Giving Voices to Multimodal Applications
The use of speech interaction is important and useful in a wide range of applications. It is a natural way of interaction and it is easy to use by people in general. The development of speech enabled applications is a big challenge that increases if several languages are required, a common scenario, for example, in Europe. Tackling this challenge requires the proposal of methods and tools that foster easier deployment of speech features, harnessing developers with versatile means to include speech interaction in their applications. Besides, only a reduced variety of voices are available (sometimes only one per language) which raises problems regarding the fulfillment of user preferences and hinders a deeper exploration regarding voices’ adequacy to specific applications and users.
In this article, we present some of our contributions to these different issues: (a) our generic modality that encapsulates the technical details of using speech synthesis; (b) the process followed to create four new voices, including two young adult and two elderly voices; and (c) some initial results exploring user preferences regarding the created voices.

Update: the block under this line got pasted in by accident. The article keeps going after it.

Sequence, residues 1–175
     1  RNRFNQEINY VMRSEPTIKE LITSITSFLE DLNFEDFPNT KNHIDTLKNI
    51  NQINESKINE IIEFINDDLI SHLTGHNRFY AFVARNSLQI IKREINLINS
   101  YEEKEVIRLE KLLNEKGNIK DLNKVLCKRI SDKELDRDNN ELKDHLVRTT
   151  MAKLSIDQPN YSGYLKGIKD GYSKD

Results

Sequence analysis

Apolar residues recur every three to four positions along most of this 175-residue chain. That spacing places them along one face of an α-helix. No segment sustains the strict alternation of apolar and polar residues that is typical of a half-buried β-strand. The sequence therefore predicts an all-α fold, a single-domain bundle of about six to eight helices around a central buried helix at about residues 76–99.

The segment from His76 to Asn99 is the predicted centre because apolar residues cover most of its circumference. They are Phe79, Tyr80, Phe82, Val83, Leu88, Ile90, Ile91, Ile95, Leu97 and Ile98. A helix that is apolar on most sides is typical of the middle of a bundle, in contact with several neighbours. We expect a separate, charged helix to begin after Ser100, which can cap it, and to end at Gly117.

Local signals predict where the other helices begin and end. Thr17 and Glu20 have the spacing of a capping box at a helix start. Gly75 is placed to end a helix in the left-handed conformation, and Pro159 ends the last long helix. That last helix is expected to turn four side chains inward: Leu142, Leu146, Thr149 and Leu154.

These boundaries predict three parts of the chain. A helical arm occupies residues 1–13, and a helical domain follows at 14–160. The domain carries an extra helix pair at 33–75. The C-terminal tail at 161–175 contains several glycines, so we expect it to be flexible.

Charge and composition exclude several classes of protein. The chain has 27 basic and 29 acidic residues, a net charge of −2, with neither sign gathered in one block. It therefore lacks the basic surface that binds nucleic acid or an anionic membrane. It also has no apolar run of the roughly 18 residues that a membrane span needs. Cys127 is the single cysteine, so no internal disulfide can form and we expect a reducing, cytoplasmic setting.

The preliminary studies carried out targeted groups including both young and older-adults and addressed: (a) evaluation of the intrinsic properties of each voice; (b) observation of users while using speech enabled interfaces and elicitation of qualitative impressions regarding the chosen voice and the impact of speech interaction on user satisfaction; and (c) ranking of voices according to preference.
The collected results, albeit preliminary, yield some evidence of the positive impact speech interaction has on users, at different levels. Additionally, results show interesting differences among the voice preferences expressed by both age groups and genders.
KeywordsSynthetic voices Speech output Multimodal interaction Age effects
Research partially funded by IEETA Research Unit funding (PEst-OE/EEI/UI0127/2014), project Cloud Thinking (funded by the QREN Mais Centro program, ref. CENTRO-07-ST24-FEDER-002031), Marie Curie Actions IRIS (ref. 610986, FP7-PEOPLE-2013-IAPP), project Smart Phones for Seniors (S4S), a QREN project (QREN 21541), co-funded by COMPETE and FEDER, project PaeLife (AAL-08-1-2001-0001) and project AAL4ALL (AAL/0015/2009).
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